Tips on construction phasing, and an explanation of the questions on radon mitigation would also be helpful (if you have any other recommendations for good resources)!
You have taken the words and links out of my mouth. The Secretary of Interior’s Standards does a great job explaining the areas. I would also agree with your recommendation of rehabilitation. The reasoning you stated is valid and correct in my opinion.
Hello and good questions. PA has many ‘one-off’ type questions that are either you know or are gaps in your studies. You are doing a great job of being proactive in determining your own areas of knowledge gaps.
Water Savings: This is something that I had to review further as I personally have not come accross in practice. I fond some great information from the EPA website. HCF (hundreds of cubic feet) is a measurement of water used within a household.
Soil Borings: These are going to come from your geotechnical report. This report is given to the architect/engineer with data support recommendations for foundation designs based upon the soil and groundwater conditions. If you are currently practicing architecture within a firm environment, I recommend soliciting your peers to review examples.
Construction Phasing: Construction projects can be phased:
By work category: Every part of a particular type of work is completed as part of one phase.
By section: Dividing the project into different sections and completing them as separate projects.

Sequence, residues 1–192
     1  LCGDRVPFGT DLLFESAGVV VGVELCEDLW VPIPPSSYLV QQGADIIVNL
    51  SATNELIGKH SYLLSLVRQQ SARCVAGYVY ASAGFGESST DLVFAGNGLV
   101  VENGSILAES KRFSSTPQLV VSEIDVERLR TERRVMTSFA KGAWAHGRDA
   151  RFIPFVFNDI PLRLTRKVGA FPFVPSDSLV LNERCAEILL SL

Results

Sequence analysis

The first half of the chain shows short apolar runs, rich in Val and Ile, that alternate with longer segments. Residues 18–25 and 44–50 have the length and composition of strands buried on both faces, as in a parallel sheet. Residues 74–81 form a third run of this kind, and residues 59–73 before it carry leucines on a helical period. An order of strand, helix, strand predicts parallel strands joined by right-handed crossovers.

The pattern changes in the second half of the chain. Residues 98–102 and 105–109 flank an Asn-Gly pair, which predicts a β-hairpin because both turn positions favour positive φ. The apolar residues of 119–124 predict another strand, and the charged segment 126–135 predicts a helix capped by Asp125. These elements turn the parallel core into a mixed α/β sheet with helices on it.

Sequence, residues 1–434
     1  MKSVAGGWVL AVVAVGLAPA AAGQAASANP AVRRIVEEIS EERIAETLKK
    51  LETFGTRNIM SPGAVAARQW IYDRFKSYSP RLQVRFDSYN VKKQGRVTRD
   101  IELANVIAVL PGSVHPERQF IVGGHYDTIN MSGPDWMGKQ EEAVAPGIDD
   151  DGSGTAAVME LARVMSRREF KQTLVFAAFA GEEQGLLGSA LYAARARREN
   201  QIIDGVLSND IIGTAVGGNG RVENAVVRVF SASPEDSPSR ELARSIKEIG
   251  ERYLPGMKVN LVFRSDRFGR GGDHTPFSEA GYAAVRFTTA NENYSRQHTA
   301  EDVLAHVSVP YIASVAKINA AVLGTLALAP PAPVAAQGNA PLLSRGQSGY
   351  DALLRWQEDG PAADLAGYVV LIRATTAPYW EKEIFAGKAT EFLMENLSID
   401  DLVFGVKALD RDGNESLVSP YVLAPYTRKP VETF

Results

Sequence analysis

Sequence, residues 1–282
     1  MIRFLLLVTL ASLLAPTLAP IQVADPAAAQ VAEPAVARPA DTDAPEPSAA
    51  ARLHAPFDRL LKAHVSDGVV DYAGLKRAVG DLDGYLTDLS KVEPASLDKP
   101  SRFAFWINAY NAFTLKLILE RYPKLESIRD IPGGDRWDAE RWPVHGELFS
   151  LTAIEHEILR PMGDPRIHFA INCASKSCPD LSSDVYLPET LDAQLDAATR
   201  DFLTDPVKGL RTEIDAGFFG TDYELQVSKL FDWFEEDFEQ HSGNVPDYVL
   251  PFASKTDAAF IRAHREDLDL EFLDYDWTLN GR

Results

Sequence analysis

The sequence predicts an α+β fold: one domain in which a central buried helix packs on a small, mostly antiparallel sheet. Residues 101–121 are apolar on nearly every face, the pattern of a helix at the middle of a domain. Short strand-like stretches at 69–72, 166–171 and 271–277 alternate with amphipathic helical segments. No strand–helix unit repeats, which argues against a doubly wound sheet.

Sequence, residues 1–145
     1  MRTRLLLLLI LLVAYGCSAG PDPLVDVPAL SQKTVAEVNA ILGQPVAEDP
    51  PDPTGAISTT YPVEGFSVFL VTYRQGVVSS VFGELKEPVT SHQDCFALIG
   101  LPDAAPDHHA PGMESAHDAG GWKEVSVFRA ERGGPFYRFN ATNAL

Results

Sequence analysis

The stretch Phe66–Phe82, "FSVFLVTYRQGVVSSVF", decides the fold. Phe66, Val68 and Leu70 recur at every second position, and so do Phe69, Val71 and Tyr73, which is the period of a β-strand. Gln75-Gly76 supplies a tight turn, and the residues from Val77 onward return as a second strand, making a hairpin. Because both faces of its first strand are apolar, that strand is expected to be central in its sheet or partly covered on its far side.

By partial completion: For example, the entire shell is built and the interior finished in separate phases.
Radon Mitigation: Radon reduction systems can be grouped by house foundation design. The geometry contributes to the mitigation technique. A good overview with images from the EPA is located here. I wouldn’t say you need to know the whole document, but understand the general situation, what and where Radon occurs, and some solutions that can been done.
I have failed this exam 3 times already and I am retaking it on August 22. Every time on the exam I encountered a question that required me to calculate water savings- can someone please share a resource that explains how to do this? I would appreciate it!
One resource to review to understand overall typical numbers is from the EPA (https://www.epa.gov/watersense/watersense-calculator). Within this link you can replaced fixtures with more efficient fixtures and see the savings. If you click on ‘How the WaterSense Calculator works’ you can see the calculation and there is an excel download.
Essentially the ARE question can be delivered multiple ways, but you will always need to compare the current water usage against the proposed (after the energy efficient fixture is in place). You can simple calculated water usage twice and compare the two answers for the net difference. One calculator is here (https://www.watercalculator.org/)
Do not get discouraged on this tough exam, you have it in you! You look to be focusing on your weak points, which is a solid tactic needed to conquer your own study gaps for the exam. Good luck!
Thanks for your reply, however there are no formulas shown in these online tools. One particular unit I saw on the test was HCF, which I am not familiar with. This particular link would be more helpful if it showed me how to compute the values. Perhaps its just basic arithmetic that will be easy once I familiarize myself with the topic…
Ok so, turns out it is not rocket science and it is simple arithmetic. I found that 748 gallons = 1 HCF, and HCF stands for “hundred cubic feet.” Seems like an odd way to measure water- but at least now I know that utility companies use this method to quantify water use and hopefully I won’t feel lost if I see it on the test again!